World Journal Of Engineering STUDY OF THE Sn/C NANOFIBERS

World Journal Of Engineering
Keyu Li, Yunhua Yu, Yu Teng, Xin Li and Xiaoping Yang
Key Laboratory of carbon fiber and functional polymers, Ministry of Education,
Beijing University of Chemical Technology, Beijing 100029, China E-mail:
Electrochemical performance measurements were
performed using 2025 coin cells, which is assembled
according to our previous work [4]. The electrolyte was 1
M LiPF6 in a 1:1 mixture of ethylene carbonate (EC) and
dimethyl carbonate (DMC). Charge and discharge were
executed with a cells testing instrument (LAND
CT2001A) at a current density of 50 mA g-1, with the
cutoff potentials of 0.001 and 3V vs. Li/Li +.
There is an increasing demand for new anode materials of
rechargeable lithium ion batteries (LIBs) possessing high
capacity and long cycle life.
Sn-based materials have been focused on in recent years
because their capacities (Sn 994 mAh g-1) exceed that of
commercial graphite (372 mAh g-1) [1, 2]. However, there
are large changes of volume associated with the
formation of different Li-Sn phases. With this change, the
anode materials were pulverized and the cycle
performance decreased. Jung Won Park [3] fabricated the
Sn-C composite electrodes with well ‘buffering effects’.
Following our previous study [4], it was found that a kind
of nano-sized Sn/C composite nanofibers could supply
good electrochemical performance during their continued
charge/discharge process. When preparing the Sn/C
anode material, the content of Sn have been considered as
key factor influencing their electrochemical performance.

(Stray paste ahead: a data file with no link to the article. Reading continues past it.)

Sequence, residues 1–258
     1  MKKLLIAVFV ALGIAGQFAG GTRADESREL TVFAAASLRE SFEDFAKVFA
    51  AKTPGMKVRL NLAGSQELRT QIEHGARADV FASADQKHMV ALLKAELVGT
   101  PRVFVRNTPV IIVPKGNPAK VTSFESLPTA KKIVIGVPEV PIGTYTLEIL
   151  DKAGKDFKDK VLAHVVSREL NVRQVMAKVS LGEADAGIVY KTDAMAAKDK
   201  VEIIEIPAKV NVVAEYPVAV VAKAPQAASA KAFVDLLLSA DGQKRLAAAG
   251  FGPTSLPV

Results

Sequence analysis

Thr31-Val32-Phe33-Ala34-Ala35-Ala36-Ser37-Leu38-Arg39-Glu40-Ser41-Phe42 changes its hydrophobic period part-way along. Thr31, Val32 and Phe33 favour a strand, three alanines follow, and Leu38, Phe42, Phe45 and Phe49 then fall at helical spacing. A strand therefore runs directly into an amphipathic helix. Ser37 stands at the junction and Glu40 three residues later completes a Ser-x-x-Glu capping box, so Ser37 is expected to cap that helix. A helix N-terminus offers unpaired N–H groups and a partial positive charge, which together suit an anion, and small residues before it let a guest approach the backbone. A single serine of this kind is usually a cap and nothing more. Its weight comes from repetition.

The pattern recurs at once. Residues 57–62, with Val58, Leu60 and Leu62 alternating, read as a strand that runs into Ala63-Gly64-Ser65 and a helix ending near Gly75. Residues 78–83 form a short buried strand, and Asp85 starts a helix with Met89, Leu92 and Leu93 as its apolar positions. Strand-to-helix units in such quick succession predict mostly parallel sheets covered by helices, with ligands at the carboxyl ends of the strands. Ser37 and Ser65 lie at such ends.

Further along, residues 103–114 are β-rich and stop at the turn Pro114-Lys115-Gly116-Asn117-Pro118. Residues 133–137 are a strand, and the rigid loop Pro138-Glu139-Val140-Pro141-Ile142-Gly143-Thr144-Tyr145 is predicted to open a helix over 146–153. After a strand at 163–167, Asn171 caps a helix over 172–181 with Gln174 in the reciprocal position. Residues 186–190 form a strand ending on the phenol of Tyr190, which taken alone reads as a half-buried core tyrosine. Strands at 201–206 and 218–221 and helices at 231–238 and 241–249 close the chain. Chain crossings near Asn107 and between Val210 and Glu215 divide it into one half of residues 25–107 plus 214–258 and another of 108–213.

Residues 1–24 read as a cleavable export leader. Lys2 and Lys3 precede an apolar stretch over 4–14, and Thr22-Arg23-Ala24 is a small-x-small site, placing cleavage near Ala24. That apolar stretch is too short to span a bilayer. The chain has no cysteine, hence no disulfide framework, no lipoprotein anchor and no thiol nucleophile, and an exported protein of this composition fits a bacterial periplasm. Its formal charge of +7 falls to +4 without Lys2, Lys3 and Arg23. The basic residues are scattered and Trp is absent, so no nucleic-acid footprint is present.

In this work, the Sn/C composite with different Sn
loading were prepared by electrospinning and
carbonization. The purpose of the work was to investigate
the effect of Sn loading on the morphology and
electrochemical performance of the as-prepared Sn/C
composite anode materials.
Results and Discussion
Fig.1 shows SEM images of pure CNFs and the Sn/C
nanofibers with different contents of Sn precursor (0.4,
0.5 and 0.6ml) in the electrospinning solutions. All
nanofibers are continuous and formed a reticular
morphology. The Sn/C nanofibers (Fig.1 A, B, C) were
thicker than pure CNFs (Fig.1D). As increasing content of
Sn, nanofibers diameter increased gradually, from
100-200nm (D) to 400-500nm (C), because of the
compound intermingle.
PAN copolymer fibril(Mw=100, 000 g/mol, 93.0 wt.%
acrylonitrile, 5.3 wt.% methylacrylate, and 1.7 wt.%
itaconic acid, UK Courtaulds Co.) Tin tetrachloride
(SnCl4, 98%, Alfa Aesar) ethylene glycol ((HOCH 2)2,
99%, Alfa Aesar) The amount of adding solution are 0.4,
0.5 and 0.6ml, respectively.
Sn/C nanofibers were prepared through the electrospun
process under an advisable temperature and humidity
follow by carbonization as previous work [4]. Pure CNFs
were also prepared by the same process.
Fig.1 SEM images and diameter distribution insets of
Sn/C nanofibers with different Sn precursor
contents (A) 0.4ml, (B) 0.5 ml, (C) 0.6 ml and (D)
pure CNFs carbonized at 850℃.
Apparatus and Procedures
The surface morphology of Sn/C nanofibers and CNFs
was observed using a scanning electron microscope (SEM,
zeiss supera 55, Germany).